Friday, January 4, 2013
2012 Books -- and more
It seems everyone has their book lists of favorite reads for 2012. Here is one, and here is another
And, of course, I've got mine.
I want to lead off with this one that gives great insight into decision and discovery under conditions of uncertainty (the title says it all):
"The theory that would not die: how bayes’ rule cracked the enigma code, hunted down russian submarines, and emerged triumphant from two centuries of controversy" by Sharon Bertsch Mcgrayne
Here's another one from Kahneman about cognitive skills, thinking processes, and cognitive bias: "Thinking, fast and slow" by Daniel Kahneman
This may be the one best book on change management: "Leading Change" by John P. Kotter
For the agile manager and practitioner, this is a thorough treatment of the subject matter. It gives good advice for bost tester and test manager: "Agile Testing" by Lisa Crispin and Janet Gregory
Leffingwell is one of the two best authors in the agile business (Mike Cohn is the other). Here's Leffingwell waxing on requirements: "Agile Software Requirements Lean Requirements Practices for Teams, Programs, and the Enterprise" by Dean Leffingwell
You don't find this one on too many PM lists, but if you engage in competive bidding and proposal gamesmanship, give this a read: "Game theory 101; the basics" by William Spaniel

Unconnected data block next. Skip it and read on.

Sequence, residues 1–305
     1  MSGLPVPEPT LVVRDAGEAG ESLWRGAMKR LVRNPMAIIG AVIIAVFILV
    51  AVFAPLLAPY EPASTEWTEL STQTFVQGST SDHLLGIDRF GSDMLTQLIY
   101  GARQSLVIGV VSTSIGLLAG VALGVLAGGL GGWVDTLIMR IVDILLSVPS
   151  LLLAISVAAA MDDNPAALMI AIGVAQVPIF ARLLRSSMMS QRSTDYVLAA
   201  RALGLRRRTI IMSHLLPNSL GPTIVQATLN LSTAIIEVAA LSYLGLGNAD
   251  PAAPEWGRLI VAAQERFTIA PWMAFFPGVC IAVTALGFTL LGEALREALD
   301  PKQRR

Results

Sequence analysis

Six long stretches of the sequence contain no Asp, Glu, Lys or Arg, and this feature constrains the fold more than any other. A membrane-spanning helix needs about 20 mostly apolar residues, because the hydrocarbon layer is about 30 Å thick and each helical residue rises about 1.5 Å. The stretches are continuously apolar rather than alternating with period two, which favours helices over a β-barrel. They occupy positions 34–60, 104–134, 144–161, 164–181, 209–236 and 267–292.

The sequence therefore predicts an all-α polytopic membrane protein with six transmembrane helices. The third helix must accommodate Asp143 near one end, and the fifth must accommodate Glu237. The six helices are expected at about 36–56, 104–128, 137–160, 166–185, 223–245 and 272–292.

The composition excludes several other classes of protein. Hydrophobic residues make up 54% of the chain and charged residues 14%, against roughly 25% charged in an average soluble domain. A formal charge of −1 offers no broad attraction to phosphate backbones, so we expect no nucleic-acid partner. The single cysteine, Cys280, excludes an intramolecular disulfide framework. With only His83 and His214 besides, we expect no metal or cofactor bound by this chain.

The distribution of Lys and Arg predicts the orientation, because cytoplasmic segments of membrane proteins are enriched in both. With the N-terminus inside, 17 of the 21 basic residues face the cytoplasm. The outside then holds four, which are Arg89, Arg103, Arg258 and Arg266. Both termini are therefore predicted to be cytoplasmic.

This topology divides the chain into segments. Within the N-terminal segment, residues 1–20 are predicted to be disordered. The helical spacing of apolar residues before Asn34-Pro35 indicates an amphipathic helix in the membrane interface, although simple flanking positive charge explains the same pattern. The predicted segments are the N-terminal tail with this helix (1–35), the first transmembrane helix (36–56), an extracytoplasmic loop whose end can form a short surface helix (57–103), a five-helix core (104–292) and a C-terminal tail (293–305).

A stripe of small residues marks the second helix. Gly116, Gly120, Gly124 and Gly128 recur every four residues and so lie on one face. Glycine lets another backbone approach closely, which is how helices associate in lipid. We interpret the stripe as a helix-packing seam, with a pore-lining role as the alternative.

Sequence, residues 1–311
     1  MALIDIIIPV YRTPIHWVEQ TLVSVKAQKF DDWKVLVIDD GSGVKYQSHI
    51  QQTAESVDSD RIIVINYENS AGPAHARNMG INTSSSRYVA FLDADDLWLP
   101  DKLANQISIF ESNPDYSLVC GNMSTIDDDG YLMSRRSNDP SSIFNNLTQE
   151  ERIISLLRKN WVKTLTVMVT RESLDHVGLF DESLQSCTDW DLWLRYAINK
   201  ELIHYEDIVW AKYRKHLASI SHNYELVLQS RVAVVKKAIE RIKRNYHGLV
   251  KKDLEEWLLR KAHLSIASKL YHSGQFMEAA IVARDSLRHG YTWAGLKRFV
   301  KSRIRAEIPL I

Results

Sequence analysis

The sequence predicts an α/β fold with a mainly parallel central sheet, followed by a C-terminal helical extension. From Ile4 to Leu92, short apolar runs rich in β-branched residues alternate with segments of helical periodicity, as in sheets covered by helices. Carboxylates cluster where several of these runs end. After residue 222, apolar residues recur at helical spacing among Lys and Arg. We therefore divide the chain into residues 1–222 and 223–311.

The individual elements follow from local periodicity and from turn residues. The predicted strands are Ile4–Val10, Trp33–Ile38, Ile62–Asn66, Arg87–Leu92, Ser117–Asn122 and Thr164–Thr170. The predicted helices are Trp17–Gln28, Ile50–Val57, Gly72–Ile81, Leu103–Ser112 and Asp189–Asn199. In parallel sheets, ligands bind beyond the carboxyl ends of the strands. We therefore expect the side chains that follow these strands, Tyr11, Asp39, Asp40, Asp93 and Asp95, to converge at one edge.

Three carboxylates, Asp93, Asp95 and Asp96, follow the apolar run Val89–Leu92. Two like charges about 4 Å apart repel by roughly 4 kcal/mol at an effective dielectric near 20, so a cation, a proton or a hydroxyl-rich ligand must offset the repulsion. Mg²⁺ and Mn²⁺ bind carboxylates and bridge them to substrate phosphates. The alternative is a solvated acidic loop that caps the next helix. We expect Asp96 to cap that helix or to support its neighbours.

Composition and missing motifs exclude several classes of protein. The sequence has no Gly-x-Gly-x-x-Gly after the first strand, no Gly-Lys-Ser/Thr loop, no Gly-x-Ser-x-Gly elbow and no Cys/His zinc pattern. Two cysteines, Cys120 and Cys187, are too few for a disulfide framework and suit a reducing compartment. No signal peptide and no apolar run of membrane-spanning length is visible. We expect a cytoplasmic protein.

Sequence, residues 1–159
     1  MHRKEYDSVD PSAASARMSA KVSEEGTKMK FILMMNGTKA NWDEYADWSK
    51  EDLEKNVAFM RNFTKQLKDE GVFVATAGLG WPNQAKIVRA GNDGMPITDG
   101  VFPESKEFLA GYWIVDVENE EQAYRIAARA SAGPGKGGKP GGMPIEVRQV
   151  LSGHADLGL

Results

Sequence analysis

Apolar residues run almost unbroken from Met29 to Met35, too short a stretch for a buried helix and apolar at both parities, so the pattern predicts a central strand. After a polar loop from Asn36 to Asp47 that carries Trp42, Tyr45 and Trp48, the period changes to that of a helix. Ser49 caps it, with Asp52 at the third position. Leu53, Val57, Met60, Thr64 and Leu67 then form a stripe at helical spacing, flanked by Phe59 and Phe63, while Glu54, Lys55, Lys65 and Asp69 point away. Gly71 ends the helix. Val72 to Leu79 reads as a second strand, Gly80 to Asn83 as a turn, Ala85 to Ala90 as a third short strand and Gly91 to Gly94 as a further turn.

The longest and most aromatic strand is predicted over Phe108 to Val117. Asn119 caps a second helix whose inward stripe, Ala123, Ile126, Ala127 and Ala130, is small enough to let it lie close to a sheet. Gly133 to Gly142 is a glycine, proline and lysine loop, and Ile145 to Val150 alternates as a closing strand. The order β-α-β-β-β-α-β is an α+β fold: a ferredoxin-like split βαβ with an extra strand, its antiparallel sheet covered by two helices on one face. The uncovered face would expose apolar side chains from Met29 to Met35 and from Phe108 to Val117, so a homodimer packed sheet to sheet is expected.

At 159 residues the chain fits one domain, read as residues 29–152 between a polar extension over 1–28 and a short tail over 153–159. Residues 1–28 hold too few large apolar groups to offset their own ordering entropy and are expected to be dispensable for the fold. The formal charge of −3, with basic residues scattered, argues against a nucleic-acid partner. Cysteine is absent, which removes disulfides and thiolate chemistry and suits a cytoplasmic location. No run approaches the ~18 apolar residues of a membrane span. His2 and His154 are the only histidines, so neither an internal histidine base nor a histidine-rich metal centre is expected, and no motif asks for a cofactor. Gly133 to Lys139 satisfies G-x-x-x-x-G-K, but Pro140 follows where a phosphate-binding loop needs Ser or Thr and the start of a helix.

And, for a change of pace, but nontheless full of lessons for managers, architects, and system engineers, read: "The revenge of geography" by Robert Kaplan. This is a geopolitical book but replete with many examples of boundary strategies, culture impediments and impacts, and architecture strategies that affect projects.
Some recommended links I fell onto in 2012:
For the agile practitioner going for their PMI ACP: click here for a handy ppt explanation of the whole thing, plus some good test questions
For the top 20 ways to fail at agile and avoid success, check out this handy reference.
If you are a scheduling person looking for guidance, here's a pretty robust list. of scheduling guidebooks.
And, one for the risk experts among us, here's one from Matthew Squair on why everything you know about risk is wrong (or is it?)
And, one from your favorite author -- yours truly -- click here to see what's coming in 2013.
Something not as new
Click here to see other books I've written